1st Annual Technological Innovations in Metals Engineering conference in Haifa, Israel Makes Impactful Debut

More than 200 people from across the world attended the first Technological Innovations in Metals Engineering conference in Haifa, Israel, co-organized by Youngstown State University and Technion, the Israel Institute of Technology.

The two-day conference in late May, sponsored by the Minerals, Metals and Materials Society and the European Union Cooperation in Science and Technology program, focused on additive manufacturing, metals processing, alloys, critical materials and applications and attracted participants from the European Union, China, New Zealand, South Africa and the U.S.

Dan Schectman, 2011 recipient of the Nobel Prize in Chemistry, was chairman and a keynote speaker.

The next conference is set for 2020 at YSU.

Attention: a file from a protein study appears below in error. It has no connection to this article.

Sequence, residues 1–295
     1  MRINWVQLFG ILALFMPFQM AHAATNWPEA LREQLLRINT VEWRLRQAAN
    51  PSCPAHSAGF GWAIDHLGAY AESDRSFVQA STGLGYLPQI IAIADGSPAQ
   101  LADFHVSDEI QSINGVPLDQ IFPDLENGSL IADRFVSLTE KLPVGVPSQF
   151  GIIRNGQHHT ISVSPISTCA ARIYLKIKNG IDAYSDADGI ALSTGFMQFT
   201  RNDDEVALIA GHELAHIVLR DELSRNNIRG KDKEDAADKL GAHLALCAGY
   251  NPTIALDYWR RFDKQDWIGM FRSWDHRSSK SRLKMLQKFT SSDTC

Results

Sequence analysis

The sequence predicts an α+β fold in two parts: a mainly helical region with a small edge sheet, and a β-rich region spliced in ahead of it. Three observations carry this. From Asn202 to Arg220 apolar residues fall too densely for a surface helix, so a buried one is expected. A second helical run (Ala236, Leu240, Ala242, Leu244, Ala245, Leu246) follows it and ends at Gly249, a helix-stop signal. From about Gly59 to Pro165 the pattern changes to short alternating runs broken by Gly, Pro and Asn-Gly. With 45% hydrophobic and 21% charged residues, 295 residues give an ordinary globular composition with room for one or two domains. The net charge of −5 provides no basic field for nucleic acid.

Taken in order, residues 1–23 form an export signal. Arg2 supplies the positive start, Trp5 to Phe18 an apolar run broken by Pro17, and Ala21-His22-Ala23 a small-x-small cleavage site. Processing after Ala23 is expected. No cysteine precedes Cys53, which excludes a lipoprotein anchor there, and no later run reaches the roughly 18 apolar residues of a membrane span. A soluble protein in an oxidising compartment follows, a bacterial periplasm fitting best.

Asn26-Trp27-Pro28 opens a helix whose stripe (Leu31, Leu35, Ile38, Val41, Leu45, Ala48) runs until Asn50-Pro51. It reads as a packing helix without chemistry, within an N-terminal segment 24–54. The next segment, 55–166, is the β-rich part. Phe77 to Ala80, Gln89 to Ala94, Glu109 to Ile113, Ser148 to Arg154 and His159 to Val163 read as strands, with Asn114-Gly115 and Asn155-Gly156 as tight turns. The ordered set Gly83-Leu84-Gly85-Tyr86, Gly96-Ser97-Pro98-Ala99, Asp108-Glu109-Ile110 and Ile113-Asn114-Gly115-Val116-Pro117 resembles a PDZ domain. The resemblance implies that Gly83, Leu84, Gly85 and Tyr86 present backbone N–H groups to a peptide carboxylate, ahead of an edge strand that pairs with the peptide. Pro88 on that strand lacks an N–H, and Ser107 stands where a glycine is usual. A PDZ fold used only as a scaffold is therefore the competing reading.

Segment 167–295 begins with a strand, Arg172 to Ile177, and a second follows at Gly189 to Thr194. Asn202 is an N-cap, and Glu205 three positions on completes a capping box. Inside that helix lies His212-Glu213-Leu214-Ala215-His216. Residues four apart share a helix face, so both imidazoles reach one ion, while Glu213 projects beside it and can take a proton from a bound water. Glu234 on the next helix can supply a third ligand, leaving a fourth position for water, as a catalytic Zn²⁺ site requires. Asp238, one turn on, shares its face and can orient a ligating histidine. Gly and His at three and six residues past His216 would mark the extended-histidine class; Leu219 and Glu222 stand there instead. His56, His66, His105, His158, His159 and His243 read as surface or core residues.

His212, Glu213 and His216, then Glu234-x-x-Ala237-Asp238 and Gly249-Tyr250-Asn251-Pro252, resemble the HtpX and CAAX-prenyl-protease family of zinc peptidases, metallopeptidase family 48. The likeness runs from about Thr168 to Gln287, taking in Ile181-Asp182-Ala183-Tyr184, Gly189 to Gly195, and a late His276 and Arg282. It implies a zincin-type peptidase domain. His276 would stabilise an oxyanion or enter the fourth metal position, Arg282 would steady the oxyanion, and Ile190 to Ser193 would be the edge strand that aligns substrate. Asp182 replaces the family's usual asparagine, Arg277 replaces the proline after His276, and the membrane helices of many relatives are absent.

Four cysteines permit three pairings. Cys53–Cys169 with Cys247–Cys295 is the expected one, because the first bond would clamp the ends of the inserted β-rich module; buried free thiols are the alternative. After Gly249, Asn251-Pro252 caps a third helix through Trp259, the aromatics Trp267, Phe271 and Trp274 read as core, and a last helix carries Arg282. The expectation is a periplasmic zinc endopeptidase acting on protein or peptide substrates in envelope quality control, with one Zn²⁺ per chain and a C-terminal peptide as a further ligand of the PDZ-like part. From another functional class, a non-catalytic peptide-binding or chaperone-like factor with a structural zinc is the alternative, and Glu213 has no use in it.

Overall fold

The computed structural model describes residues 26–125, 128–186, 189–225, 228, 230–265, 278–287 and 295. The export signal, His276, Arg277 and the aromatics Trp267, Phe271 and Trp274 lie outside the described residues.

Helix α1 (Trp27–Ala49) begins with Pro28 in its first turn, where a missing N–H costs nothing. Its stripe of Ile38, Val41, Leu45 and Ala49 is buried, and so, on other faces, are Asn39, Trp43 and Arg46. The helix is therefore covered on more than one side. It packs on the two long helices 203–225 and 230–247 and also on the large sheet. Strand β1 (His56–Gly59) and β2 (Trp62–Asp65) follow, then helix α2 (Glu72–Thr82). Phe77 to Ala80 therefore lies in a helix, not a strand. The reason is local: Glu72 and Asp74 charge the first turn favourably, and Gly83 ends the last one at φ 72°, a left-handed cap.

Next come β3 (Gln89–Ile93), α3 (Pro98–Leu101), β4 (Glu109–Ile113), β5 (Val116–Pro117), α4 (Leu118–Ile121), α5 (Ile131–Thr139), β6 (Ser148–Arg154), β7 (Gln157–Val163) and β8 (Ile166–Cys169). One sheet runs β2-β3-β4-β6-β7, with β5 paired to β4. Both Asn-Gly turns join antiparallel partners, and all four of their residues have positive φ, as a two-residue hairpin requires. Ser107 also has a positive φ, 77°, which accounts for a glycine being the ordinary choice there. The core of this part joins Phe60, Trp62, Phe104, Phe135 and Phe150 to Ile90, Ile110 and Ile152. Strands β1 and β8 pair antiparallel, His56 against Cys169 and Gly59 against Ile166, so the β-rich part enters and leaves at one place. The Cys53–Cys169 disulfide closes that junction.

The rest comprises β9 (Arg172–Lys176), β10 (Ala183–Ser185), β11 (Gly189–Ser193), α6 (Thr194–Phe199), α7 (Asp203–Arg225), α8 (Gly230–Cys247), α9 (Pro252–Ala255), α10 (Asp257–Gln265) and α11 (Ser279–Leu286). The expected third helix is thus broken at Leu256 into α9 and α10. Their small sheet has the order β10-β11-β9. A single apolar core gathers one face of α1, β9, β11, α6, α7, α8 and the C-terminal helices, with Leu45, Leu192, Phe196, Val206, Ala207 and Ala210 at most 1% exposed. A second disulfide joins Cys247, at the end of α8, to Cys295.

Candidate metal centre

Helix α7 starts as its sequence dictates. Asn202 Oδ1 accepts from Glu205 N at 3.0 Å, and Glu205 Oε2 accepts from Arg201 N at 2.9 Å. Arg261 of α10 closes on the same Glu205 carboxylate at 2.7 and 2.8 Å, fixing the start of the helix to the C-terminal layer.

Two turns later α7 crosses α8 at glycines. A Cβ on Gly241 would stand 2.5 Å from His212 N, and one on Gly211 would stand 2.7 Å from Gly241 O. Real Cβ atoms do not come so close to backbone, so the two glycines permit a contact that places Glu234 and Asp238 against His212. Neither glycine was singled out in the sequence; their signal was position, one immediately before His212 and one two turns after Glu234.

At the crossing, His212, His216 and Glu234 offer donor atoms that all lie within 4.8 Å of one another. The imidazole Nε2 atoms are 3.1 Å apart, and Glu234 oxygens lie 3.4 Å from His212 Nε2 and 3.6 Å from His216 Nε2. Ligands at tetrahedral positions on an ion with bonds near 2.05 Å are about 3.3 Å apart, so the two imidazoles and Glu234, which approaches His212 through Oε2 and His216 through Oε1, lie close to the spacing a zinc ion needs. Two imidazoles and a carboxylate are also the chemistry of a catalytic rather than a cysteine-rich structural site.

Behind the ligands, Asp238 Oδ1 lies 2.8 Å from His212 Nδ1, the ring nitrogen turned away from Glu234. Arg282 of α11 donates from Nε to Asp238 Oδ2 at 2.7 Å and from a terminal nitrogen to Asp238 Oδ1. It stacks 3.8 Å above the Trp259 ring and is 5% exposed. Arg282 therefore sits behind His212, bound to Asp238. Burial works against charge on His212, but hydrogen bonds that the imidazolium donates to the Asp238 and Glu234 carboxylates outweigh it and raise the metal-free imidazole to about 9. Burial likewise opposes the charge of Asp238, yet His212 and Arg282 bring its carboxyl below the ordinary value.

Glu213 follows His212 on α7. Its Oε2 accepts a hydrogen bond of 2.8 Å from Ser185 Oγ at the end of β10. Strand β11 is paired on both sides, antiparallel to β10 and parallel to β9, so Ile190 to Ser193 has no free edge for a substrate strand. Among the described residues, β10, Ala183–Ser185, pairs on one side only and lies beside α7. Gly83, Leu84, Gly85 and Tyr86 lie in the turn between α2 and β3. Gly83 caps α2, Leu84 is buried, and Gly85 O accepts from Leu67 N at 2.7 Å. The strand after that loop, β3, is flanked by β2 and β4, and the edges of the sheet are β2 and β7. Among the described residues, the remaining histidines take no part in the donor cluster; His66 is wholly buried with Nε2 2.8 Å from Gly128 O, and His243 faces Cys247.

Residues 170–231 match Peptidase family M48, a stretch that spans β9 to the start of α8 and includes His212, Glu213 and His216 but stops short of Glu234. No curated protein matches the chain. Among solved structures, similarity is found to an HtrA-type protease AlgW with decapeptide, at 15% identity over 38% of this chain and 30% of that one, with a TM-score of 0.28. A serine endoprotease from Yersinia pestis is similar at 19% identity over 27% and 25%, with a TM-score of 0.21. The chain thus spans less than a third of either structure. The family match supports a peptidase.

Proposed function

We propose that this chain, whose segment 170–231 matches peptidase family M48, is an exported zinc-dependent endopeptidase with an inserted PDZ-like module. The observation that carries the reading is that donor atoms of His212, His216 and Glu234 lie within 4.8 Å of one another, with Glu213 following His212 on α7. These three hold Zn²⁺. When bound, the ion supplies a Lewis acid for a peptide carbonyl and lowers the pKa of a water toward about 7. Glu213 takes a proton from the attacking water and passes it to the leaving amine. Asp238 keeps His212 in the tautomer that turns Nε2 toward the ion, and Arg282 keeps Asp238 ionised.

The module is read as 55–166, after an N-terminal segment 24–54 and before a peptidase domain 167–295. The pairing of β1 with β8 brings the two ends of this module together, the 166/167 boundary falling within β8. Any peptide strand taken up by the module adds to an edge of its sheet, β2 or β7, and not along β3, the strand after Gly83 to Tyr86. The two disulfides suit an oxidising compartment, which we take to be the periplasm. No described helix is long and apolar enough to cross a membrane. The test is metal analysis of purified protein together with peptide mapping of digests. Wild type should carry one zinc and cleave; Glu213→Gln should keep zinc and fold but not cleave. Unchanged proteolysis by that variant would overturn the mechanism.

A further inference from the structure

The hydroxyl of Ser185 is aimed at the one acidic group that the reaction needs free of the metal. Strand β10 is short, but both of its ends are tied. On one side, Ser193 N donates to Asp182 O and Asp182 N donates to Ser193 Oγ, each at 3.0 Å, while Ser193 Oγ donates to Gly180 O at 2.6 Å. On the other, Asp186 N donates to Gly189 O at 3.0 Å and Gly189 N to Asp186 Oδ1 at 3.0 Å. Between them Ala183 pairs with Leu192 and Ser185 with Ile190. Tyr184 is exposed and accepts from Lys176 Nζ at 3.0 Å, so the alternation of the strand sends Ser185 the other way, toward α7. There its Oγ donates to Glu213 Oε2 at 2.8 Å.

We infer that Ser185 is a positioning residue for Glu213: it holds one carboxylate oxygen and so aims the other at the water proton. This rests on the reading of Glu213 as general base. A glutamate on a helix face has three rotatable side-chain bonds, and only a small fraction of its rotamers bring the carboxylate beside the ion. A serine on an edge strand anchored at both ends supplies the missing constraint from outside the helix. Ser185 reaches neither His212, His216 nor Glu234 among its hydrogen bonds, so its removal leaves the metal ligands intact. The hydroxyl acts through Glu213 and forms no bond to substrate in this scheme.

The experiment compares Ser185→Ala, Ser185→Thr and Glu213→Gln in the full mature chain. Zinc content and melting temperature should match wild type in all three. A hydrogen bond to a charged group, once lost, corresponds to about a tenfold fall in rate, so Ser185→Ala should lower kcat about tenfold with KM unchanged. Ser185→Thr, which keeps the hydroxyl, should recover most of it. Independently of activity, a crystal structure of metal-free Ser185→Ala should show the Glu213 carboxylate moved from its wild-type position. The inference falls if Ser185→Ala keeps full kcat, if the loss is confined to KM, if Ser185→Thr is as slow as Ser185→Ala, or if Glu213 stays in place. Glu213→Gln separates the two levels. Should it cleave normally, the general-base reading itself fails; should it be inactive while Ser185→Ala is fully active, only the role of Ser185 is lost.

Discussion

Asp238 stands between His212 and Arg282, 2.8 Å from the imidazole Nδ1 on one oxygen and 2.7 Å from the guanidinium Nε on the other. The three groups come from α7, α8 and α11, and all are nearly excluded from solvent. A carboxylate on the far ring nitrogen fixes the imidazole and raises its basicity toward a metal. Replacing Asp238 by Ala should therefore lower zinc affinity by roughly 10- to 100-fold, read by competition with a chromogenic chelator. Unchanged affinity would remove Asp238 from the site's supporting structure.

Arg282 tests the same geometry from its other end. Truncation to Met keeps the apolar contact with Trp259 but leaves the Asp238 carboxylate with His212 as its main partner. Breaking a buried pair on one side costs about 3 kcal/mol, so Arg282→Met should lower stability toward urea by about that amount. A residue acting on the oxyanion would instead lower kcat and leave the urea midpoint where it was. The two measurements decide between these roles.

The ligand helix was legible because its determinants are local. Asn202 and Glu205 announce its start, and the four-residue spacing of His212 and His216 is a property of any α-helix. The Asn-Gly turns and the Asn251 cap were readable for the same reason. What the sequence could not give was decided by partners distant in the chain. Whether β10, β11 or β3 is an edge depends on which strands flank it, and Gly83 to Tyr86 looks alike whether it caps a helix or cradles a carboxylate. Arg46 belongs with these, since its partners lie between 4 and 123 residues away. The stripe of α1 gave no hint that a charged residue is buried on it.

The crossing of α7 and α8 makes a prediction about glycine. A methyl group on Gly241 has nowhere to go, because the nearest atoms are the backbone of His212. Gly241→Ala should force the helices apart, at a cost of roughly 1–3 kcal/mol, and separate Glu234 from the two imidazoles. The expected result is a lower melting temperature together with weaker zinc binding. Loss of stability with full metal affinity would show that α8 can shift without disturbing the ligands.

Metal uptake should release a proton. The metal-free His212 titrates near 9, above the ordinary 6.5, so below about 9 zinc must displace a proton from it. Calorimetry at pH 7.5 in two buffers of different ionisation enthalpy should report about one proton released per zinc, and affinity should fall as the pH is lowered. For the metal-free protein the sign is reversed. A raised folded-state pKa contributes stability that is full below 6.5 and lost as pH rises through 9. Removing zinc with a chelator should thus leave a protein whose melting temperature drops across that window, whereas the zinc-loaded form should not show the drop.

On April 8, 1982, Shechtman was studying an alloy containing 86 percent aluminum atoms and 14 percent manganese atoms, which Boettinger lab member Frank Biancaniello had produced using melt spinning. Shechtman was looking at the arrangements that electrons ended up in after traveling through the material, known as their diffraction patterns.

Shechtman recorded in his lab notebook the symmetries he found in the diffraction patterns. Next to his note for sample number 1725, he wrote “(10 fold ???).”

Read more about Dan Schectman and The National Institute of Standards and Technology here

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